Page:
Broken Promises

It looks very much as if, when the 2015 target for achieving the UN's Millennium Development Goals arrives, the world’s leaders will have failed to keep their (watered-down) promises. That means that they will be responsible for permitting the needless deaths, every year, of millions of people.

PRINCETON – In 2000, the world’s leaders met in New York and issued a ringing Millennium Declaration, promising to halve the proportion of people suffering from extreme poverty and hunger by 2015. They also pledged to halve the proportion of people without safe drinking water and sanitation; move toward universal and full primary schooling for children everywhere – girls as well as boys; reduce child mortality by two-thirds and maternal mortality by three-quarters; and combat HIV/AIDS, malaria, and other major diseases. These pledges, reformulated as specific, measurable targets, became the Millennium Development Goals (MDGs).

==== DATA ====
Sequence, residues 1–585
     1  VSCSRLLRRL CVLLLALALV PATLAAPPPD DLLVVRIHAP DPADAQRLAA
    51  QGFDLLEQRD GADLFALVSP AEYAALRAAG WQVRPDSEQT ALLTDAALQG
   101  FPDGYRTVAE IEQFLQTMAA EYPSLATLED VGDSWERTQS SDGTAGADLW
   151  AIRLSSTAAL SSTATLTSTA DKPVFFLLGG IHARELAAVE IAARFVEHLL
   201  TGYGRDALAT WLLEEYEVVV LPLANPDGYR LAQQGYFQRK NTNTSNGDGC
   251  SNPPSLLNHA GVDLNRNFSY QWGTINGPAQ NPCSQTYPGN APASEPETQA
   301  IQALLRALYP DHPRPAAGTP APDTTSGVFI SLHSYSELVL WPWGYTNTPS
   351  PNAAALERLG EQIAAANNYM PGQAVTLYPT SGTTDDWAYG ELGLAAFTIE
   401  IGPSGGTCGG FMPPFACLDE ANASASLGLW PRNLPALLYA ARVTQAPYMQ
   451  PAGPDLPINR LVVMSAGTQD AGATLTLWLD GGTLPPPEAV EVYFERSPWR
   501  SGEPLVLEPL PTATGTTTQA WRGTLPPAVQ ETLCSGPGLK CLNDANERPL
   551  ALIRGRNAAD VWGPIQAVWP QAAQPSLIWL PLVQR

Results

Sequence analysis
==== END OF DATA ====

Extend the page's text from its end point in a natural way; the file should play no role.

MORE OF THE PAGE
Last month, ten years on from that meeting, world leaders returned to New York for a United Nations summit that adopted a document called Keeping the Promise, which reaffirmed the commitment to meeting the goals by 2015. The UN press release called the document a “global action plan” to achieve the MDGs, but it is more an expression of aspirations than a plan. What chance do we really have of keeping the promises made in 2000?

As the Yale philosopher Thomas Pogge has pointed out, the task has been made easier by moving the goal posts. Even before 2000, the World Food Summit, held in Rome in 1996, pledged to halve the numberof undernourished people by 2015. By contrast, the corresponding MDG was to halve the proportion of the world’s people who are suffering from hunger (as well as of those living in extreme poverty). Because the world’s population is rising, halving the proportion of people suffering from hunger (and extreme poverty) means that the number will not be halved.

We hope you're enjoying Project Syndicate.

To continue reading, subscribe now.


Get unlimited access to PS premium content, including in-depth commentaries, book reviews, exclusive interviews, On Point, the Big Picture, the PS Archive, and our annual year-ahead magazine.;

Cookies and Privacy

We use cookies to improve your experience on our website. To find out more, read our updated cookie policy and privacy policy.